When You’ve Lost All Hope

When You’ve Lost Your Hope

How hard is it to cling to hope?  If you’re anything like me, there are days when your crushing blackness is just so dark and so heavy that you feel like all hope is gone.  One of my favourite sayings for this feeling is that the light at the end of the tunnel has been switched off to conserve energy.  But it often feels like that, doesn’t it?

What do you do when you’ve lost hope?  How do you find it again?  How do you carry on without that hope?

I believe Naomi Jane has a great answer to this.  I recently found Naomi on Twitter and had a look at her blog and some of the things that she writes about and she came up with this post: To Those Of You Who’ve Lost All Hope – Naomi Jane

Let Others Hold Your Hope

If you’ve reached the stage of hopelessness, where you have no hope no matter what you do, then let others carry it for you.  That’s the basis for her article.  When you can’t carry your own hope, let others carry it for you.

Having people around you to support you, be that friends or family or colleagues, is a very important thing to have.  They can encourage you on your journey and help you along the road to recovery.  It’s one of the great things about togetherness, that we can carry each others’ burdens and help them.

As Naomi says, eventually we can find glimmers of hope again.  Even in the darkness we can find those little rays of light, those little bright spots in amongst the bad stuff.  Sometimes it’ll be unexpected but I’m sure you’ll agree that it will always be welcome.

So, as Naomi says: until you can fine the glimmer of hope, until you can carry your own hope again, let others carry it for you.

Stay strong.  You’re not alone.

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The Strong and Silent Type

What Makes a Man?

As the mum to a teenage boy, I often wonder about the different stereotypes of masculinity we see every day. So many expectations, idealised images of what manhood should look like. No wonder it’s confusing if you feel like you don’t quite measure up.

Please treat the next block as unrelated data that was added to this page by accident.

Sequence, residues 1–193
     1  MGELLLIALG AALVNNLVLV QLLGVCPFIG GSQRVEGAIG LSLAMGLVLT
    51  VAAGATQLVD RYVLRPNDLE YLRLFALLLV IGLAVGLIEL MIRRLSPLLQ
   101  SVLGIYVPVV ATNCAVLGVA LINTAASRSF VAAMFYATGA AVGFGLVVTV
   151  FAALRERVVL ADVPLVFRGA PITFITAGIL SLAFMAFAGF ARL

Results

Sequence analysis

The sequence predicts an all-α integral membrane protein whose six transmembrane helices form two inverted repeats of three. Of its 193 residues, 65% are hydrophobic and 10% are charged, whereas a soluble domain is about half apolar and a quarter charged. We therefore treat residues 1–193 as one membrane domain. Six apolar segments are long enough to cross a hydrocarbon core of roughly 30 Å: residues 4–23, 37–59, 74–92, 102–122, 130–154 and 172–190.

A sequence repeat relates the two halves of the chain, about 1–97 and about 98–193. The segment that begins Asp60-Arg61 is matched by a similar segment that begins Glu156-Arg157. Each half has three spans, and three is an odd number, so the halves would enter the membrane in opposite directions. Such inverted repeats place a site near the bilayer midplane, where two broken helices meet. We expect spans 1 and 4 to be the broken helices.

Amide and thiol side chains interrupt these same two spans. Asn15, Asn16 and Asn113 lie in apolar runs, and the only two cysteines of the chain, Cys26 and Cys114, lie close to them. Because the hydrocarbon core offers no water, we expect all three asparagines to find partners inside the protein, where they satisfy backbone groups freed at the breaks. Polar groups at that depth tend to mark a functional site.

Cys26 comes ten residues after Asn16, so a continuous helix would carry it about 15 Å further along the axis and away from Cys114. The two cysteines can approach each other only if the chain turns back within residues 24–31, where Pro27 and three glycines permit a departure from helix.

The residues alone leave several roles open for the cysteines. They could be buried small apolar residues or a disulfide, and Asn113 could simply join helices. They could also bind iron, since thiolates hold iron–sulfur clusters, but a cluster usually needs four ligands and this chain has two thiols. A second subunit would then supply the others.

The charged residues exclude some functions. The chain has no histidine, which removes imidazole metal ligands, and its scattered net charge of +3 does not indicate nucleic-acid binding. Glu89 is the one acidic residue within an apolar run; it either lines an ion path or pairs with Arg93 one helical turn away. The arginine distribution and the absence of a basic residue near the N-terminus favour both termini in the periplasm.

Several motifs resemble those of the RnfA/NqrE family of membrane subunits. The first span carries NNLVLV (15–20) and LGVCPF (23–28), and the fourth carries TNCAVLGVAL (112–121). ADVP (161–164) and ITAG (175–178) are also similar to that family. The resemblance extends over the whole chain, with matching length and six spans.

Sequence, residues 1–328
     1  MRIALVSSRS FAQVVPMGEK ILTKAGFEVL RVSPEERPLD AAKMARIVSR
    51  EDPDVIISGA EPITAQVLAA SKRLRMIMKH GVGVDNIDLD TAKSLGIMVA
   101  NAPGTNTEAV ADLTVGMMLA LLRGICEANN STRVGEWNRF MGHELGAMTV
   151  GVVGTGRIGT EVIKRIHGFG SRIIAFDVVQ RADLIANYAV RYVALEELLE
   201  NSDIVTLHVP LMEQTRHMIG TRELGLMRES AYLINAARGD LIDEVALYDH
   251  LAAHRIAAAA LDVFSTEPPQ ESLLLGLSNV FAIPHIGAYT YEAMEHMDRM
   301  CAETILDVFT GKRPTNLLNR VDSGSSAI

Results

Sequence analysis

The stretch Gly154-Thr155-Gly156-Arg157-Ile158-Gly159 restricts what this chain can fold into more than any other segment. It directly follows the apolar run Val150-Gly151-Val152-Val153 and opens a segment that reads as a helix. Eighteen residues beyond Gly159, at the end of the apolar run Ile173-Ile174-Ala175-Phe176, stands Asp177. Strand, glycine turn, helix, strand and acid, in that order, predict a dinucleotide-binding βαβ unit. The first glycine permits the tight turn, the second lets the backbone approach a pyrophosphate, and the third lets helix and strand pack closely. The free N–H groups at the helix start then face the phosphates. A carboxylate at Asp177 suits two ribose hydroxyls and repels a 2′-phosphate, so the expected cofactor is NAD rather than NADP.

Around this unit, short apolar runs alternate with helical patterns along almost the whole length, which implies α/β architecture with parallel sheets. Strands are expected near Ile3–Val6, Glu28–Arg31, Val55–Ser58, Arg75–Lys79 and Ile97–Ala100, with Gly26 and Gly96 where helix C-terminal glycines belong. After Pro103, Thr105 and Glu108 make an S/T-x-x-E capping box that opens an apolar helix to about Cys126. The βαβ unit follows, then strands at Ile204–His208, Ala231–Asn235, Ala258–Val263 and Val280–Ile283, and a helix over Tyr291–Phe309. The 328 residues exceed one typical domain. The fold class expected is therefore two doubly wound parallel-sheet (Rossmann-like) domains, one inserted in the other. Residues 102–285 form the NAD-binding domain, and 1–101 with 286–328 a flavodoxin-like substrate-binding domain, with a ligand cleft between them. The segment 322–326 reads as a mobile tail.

30 Days to be a better manMy own personal bugbear is with the idea of the ‘strong and silent type’. The idea that men who don’t talk about their feelings are somehow stronger than those who do. It’s idiotic when you think about it. Especially when you consider the horrifying statistic that suicide is one of the highest causes of death in young men aged under 35 years old.

So is strong and silent really that good a thing? Is this what our sons, brothers, fathers and friends should believe? No, it’s not.

When Alex first started talking about setting up this site, one of the greatest fears for both of us, was how some people would respond?  On his private blog we’d already experienced what some people’s reactions could be. The phrase ‘he should grow a pair’ was touted by a rather ignorant anonymous individual. Worryingly, this is a common attitude.

Be a Man

It’s so frustrating to hear comments like that touted around. ‘Be a man’, ‘Grow a pair’, ‘boys don’t cry’. Yet we hear these phrases so often that we don’t really think about it. Someone close to me recently lost an old school friend to suicide. This man had been battling depression and had a testing time through divorce and injury. The saddest part was so many of the tributes to him were along the lines of “I never knew he was suffering”, “he hadn’t said anything”, “he seemed so strong”. So he was strong and silent and ended up taking his own life? That’s terrible.

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Silence is a Killer

When you cannot release the negative thoughts that depression can heap upon you it can quickly escalate out of control. One of the most effective ways to combat this is always going to be to talk. If you cannot fight the demon in your head alone, it helps to have someone who will counterbalance the venom that depression spouts to you.